It’s summer! (However, as I write this, I’m huddled up in my dark kitchen because it’s super cloudy outside..) Summer in Japan means fireworks, festivals, and yukatas. I absolutely love wearing yukatas (summer kimonos), and this year I decided to get a new one.
My friends from America actually happened to be visiting, so we decided to buy yukatas for them so that we could all wear them and find an omatsuri. We also took a trip to Koedo Kawagoe, a small town in Saitama retaining the culture and atmosphere of the Edo era in Japan. There are plenty of old storehouse merchant houses and some great authentic Japanese cuisine restaurants.
The main street can get a little crowded, but it definitely wasn’t unbearable or filled with just tourists. There are plenty of little side streets to explore as well.
After walking around for a bit, we found an udon restaurant to go to for lunch. It was actually already about 2-3pm, so some of the restaurants were closed!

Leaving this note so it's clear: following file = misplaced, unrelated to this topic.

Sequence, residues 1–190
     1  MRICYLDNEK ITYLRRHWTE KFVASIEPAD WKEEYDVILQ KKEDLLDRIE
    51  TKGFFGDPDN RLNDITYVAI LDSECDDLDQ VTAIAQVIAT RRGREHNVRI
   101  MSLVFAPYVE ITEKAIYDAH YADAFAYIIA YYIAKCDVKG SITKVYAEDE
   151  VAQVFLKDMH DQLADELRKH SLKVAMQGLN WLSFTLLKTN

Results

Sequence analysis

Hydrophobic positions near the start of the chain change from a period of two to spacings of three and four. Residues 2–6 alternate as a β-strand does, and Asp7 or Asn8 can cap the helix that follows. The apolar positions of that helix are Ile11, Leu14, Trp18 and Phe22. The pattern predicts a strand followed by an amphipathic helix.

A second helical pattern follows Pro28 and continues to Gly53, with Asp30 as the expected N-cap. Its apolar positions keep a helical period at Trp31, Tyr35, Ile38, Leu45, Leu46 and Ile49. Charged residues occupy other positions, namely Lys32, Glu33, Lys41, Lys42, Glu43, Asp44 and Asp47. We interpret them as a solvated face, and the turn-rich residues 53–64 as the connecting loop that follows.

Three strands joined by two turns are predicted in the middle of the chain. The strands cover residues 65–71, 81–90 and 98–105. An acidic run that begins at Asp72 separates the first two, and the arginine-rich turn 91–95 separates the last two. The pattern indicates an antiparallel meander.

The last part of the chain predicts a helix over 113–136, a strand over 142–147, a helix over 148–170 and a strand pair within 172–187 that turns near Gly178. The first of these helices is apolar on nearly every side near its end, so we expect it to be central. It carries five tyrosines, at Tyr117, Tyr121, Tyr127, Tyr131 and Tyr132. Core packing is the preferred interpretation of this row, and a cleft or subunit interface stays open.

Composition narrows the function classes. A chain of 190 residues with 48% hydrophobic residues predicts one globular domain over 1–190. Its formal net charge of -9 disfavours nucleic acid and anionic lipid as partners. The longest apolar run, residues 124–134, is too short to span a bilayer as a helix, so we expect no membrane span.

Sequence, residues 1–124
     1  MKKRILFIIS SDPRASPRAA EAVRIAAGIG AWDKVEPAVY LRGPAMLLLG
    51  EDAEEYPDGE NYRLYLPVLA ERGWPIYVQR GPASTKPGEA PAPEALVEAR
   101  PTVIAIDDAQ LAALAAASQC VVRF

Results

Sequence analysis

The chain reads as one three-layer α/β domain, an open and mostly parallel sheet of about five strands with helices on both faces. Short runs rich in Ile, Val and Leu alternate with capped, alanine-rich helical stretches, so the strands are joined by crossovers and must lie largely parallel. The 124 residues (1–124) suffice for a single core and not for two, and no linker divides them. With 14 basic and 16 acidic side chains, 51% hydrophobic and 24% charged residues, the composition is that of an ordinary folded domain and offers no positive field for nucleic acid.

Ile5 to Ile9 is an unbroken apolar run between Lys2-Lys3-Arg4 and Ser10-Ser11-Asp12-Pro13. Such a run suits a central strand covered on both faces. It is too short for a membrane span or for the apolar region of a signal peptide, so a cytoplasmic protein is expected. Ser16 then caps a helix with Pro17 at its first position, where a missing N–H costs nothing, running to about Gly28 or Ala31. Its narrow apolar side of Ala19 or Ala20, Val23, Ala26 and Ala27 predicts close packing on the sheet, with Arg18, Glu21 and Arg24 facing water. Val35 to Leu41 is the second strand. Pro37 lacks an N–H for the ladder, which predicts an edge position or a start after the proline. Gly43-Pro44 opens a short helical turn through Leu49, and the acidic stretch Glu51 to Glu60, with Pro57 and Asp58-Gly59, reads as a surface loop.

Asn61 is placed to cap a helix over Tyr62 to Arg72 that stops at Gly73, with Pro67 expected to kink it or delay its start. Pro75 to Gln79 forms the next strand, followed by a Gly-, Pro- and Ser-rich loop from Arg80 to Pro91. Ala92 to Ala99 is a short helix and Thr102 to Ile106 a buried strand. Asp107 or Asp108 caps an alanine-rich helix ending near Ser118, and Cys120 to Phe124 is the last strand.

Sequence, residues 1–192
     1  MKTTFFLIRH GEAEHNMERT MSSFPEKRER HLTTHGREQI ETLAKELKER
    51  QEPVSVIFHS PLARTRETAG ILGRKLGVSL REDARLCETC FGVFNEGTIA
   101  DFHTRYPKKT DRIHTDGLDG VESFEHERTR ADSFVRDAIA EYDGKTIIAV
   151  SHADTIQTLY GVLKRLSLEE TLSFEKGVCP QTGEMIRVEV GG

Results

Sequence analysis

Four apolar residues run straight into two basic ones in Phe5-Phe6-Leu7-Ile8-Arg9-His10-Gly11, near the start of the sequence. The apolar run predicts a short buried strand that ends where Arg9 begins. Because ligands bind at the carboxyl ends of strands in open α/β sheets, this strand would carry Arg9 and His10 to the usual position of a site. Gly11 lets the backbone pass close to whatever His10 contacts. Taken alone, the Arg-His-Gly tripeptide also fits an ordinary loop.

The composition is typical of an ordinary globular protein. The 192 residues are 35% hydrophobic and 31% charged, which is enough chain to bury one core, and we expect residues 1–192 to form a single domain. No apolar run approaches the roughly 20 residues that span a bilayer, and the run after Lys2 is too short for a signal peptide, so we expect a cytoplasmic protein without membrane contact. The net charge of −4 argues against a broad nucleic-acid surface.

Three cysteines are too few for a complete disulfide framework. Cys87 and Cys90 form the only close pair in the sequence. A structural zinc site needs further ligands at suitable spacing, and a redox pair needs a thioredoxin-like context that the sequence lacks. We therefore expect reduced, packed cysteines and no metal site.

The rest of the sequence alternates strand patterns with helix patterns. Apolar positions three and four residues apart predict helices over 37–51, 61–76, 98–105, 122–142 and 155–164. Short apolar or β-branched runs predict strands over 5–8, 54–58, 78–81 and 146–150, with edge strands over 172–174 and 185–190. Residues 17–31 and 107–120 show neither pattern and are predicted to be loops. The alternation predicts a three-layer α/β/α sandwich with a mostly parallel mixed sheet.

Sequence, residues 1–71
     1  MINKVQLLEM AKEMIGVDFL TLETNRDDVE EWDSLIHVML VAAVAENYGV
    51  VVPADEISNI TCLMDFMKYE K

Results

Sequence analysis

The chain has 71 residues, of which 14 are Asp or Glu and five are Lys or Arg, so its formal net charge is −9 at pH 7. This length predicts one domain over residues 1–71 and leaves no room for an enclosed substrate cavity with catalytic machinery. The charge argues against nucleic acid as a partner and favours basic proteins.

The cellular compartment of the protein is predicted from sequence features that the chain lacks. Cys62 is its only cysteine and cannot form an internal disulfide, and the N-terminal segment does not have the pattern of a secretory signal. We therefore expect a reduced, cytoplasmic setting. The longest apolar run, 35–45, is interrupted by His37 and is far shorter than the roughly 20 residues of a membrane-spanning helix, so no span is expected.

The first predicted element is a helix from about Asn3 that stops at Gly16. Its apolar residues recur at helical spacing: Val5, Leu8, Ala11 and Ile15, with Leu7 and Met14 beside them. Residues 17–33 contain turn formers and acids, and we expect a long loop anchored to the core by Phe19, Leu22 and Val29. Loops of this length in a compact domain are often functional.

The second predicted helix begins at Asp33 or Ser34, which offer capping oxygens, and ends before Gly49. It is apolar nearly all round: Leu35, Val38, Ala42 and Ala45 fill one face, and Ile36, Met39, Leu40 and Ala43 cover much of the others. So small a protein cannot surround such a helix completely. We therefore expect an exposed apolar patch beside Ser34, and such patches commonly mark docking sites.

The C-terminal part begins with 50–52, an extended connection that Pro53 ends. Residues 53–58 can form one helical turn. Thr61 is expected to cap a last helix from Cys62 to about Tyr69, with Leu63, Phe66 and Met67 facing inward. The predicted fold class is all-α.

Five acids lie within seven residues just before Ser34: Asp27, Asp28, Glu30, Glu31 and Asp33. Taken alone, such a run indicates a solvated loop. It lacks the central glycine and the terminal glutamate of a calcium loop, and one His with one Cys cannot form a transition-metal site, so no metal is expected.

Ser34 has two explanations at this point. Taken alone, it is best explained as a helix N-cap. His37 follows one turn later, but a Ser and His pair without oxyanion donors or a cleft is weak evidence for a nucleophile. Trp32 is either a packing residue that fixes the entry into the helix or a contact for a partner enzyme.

We got really full after a great lunch, but as they say, betsu bara (separate stomach) for dessert! Some of my friends decided to sip on some roasted green tea, while I opted for some cold ice cream.
One popular street in Koedo Kawagoe is Kashiya Yokocho, or “penny candy alley.” It’s basically a small road with lots of shops selling traditional, nostalgic candy from the past. Unfortunately, again, we were a little late and most of the shops were closed for the day.
When it was evening, I started searching for a festival to go to. I wanted to go to one with food stalls, so we decided to hop on a train to Yonohonmachi (与野本町) to go to the Yono Summer Festival!
Athough there were definitely lots of people, rather than a famous festival where it’s so crowded that everyone is pushing through the crowd, it felt more as if just the neighborhood kids and families came to enjoy a nearby festival. There were a lot of food stalls as I had hoped, including yakisoba, takoyaki, shaved ice, baby castella, okonomiyaki, and more.
The stalls all closed around 9, so we all started to head home around then (but of course, not without taking some yukata photos first!)
Wearing a yukata really makes you feel like it’s summer. I’ve still got a week of finals left, but I’m looking forward to wearing it a few more times this year!